I’m a programmer, among other things. Like many in this profession. I suck at designing UIs (though sometimes I believe I don’t). When you let programming-focused people like me build your user interface, you will get things like this:
Joseph Cooney calls this The Dialog:
A developer needed a screen for something, one or two text boxes and not much more, so they created “the dialog”, maybe just to “try something out” and always with the intention of removing it before the product ships. They discovered they needed a few more parameters, so a couple more controls were added in a fairly haphazard fassion. “The dialog” exposes “the feature”, something cool or quite useful. Admittedly “the feature” is more tailored towards power users, but it’s still pretty cool. The developer thinks of new parameters that would make “the feature” even more powerful and so adds them to the dialog. Maybe a few other developers or power users see “the dialog” and also like “the feature”. But why doesn’t it expose this parameter? New controls are added. Pretty soon the technical team are so used to seeing “the dialog” the way it is that they become blind to its strange appearance. Ship time approaches and the product goes through more thorough testing, and “the dialog” is discovered, but it is too late to be heavily re-worked. Instead it is given a cursory spruce-up.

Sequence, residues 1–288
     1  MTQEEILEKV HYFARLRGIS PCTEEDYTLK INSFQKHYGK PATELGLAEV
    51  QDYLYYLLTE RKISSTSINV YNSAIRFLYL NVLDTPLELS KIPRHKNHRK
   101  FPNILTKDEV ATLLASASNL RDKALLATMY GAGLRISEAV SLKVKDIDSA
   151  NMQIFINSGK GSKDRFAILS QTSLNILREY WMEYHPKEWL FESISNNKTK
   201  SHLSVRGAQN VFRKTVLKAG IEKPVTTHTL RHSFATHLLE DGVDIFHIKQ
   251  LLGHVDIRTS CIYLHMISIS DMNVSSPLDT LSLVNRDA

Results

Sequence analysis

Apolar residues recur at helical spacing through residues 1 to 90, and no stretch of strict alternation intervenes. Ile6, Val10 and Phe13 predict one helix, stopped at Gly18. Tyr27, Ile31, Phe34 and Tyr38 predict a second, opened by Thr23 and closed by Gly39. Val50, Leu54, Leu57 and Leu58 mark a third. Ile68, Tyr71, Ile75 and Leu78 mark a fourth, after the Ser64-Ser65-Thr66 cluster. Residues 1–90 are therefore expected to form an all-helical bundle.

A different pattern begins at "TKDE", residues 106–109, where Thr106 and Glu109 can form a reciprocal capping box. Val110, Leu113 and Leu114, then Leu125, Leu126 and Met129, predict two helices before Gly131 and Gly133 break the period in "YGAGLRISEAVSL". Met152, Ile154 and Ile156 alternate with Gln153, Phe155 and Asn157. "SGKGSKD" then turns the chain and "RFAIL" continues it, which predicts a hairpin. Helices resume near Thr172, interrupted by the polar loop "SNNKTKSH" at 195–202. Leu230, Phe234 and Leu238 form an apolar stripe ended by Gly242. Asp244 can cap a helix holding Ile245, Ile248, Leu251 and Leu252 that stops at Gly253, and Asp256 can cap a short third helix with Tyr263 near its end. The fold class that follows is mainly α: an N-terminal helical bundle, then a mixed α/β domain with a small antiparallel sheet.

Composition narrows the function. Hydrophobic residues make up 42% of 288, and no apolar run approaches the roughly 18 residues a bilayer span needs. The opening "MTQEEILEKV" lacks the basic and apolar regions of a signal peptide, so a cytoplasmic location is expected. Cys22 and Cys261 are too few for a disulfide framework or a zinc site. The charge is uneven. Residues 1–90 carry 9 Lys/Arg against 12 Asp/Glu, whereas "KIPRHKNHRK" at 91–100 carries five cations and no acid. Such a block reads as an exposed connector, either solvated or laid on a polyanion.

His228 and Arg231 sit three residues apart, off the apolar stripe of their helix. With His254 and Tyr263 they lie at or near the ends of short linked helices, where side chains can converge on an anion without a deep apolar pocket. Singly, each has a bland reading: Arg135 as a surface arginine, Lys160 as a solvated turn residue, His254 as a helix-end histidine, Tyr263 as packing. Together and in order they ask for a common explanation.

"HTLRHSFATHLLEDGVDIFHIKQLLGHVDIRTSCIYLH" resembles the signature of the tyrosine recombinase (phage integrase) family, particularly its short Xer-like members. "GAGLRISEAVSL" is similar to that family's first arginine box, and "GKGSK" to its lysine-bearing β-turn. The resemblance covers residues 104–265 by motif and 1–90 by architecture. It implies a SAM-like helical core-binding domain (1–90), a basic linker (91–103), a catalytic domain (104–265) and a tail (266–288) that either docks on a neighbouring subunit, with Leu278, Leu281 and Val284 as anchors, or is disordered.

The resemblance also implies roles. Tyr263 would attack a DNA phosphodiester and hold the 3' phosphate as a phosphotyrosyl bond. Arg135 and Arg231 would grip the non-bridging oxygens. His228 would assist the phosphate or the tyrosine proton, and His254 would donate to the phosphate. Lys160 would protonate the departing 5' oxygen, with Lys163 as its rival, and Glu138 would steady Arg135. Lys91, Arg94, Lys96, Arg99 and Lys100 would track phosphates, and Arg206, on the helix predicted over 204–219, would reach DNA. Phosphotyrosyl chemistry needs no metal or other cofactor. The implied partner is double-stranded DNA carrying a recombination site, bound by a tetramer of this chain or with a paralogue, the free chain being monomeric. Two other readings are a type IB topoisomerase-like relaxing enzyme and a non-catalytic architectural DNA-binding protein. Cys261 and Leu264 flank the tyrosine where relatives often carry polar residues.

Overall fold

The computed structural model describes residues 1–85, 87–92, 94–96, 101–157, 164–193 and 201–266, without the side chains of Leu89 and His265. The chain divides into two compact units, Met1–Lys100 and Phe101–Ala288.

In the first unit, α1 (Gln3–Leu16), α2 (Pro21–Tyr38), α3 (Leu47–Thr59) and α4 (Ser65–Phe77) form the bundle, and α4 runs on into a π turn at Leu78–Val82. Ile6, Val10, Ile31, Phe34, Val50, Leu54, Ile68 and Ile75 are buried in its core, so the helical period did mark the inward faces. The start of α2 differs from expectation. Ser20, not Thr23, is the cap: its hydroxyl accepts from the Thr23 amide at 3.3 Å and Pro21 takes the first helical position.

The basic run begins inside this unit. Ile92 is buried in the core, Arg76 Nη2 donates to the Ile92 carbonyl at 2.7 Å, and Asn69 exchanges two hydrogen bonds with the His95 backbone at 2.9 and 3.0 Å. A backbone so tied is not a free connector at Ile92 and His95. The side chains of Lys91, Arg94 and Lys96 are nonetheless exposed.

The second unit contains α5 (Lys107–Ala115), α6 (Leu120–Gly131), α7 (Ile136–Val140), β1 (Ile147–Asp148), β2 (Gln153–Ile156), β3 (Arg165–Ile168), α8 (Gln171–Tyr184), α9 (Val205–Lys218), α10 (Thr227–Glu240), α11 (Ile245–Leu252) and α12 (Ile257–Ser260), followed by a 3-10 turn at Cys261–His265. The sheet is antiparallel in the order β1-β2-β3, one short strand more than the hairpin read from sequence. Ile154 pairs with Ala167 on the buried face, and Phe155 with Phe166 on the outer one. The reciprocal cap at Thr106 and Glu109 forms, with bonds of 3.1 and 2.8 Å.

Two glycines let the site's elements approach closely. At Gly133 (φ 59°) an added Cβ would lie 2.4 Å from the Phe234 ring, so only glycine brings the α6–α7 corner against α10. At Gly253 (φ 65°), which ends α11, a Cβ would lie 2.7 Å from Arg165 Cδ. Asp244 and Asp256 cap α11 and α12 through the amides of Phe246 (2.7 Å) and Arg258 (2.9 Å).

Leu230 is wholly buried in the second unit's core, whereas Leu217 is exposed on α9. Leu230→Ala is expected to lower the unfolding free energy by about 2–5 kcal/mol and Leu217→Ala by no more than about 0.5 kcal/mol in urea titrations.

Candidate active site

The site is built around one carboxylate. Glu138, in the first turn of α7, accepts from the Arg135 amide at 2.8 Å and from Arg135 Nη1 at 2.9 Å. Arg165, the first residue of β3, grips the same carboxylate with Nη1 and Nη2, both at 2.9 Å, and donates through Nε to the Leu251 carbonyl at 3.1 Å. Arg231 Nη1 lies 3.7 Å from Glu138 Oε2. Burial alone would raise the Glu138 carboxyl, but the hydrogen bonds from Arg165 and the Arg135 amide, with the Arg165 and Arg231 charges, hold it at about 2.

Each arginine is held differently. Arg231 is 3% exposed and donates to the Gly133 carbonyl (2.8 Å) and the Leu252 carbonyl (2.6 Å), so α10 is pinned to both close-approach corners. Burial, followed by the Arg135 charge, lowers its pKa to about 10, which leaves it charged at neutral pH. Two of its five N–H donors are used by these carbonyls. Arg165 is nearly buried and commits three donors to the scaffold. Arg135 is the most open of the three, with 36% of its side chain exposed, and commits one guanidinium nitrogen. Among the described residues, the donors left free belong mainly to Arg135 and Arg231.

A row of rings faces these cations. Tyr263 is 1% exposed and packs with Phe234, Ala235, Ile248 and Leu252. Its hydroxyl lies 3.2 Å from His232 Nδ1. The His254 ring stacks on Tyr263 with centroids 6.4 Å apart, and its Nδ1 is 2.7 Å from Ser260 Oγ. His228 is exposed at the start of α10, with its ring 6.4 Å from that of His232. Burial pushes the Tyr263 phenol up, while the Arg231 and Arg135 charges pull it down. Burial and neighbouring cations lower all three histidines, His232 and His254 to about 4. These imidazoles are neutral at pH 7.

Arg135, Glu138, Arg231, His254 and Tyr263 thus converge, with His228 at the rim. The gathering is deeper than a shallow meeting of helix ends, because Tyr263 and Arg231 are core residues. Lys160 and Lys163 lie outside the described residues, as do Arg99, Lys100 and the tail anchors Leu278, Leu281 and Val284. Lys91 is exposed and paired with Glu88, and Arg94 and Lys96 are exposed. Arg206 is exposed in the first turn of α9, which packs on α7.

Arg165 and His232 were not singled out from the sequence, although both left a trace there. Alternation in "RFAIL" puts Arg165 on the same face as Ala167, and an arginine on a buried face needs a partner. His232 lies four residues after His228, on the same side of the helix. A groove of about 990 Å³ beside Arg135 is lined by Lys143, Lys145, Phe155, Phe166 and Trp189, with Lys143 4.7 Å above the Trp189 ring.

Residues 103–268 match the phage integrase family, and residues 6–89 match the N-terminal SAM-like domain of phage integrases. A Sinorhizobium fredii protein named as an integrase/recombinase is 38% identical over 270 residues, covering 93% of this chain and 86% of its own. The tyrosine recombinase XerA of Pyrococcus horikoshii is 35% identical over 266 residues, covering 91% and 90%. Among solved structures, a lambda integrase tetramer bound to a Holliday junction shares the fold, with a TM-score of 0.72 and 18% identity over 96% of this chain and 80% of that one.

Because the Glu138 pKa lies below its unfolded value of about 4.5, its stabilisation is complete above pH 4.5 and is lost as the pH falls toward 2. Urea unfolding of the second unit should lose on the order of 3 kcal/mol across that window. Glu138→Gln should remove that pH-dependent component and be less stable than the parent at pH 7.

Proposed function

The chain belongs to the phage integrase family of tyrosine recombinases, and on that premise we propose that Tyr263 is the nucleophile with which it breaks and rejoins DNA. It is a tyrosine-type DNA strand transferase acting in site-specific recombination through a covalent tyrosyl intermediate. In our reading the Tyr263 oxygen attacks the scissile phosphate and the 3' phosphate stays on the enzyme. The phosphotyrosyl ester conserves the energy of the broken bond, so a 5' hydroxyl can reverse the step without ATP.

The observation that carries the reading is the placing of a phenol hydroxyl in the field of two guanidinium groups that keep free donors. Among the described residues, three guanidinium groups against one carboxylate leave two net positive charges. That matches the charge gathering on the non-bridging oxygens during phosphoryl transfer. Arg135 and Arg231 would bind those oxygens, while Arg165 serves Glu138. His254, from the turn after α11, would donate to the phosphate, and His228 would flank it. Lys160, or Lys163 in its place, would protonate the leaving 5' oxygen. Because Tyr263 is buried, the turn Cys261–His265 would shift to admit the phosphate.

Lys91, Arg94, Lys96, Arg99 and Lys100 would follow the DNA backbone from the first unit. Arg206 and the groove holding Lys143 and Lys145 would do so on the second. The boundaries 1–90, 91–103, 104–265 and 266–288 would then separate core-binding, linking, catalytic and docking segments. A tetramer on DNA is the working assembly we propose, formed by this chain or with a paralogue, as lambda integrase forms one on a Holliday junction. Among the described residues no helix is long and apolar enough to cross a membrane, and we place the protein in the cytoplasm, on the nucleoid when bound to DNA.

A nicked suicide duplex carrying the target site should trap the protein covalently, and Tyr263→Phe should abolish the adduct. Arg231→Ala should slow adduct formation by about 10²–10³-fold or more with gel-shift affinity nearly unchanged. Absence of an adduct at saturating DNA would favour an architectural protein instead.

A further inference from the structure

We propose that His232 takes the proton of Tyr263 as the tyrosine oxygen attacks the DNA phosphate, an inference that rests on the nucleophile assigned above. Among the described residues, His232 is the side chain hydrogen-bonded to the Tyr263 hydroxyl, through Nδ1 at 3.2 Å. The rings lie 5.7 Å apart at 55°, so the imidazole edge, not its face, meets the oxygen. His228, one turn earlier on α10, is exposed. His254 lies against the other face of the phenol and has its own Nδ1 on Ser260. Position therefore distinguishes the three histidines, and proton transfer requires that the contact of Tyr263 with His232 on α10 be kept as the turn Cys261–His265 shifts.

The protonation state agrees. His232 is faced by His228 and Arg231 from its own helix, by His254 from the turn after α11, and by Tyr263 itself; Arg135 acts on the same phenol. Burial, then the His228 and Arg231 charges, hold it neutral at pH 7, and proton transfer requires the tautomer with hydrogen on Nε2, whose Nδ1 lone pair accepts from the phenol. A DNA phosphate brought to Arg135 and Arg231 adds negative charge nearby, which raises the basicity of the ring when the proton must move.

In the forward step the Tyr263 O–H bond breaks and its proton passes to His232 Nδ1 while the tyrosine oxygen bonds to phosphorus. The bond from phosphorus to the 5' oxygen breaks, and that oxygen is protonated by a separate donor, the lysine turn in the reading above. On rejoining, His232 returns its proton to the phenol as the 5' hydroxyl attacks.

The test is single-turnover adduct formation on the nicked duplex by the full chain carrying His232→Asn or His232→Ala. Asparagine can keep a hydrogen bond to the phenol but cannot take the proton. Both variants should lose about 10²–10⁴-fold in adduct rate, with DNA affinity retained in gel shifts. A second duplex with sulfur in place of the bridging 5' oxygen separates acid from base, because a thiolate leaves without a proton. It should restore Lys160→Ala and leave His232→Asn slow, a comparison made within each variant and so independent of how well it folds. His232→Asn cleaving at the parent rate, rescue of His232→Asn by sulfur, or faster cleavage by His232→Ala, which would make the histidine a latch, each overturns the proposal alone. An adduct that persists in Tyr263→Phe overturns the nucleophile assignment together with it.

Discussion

Some people are naturally gifted at user interface design. They feel physically sick about adding a button that clutters the interface or messes up the user’s workflow. Make sure you have a gifted UI designer on your team (whether or not he or she doubles up as a different role — including programmer). It will make a world of difference when you get your first users — the difference between a lukewarm response and “Wow, it’s great! I love it!”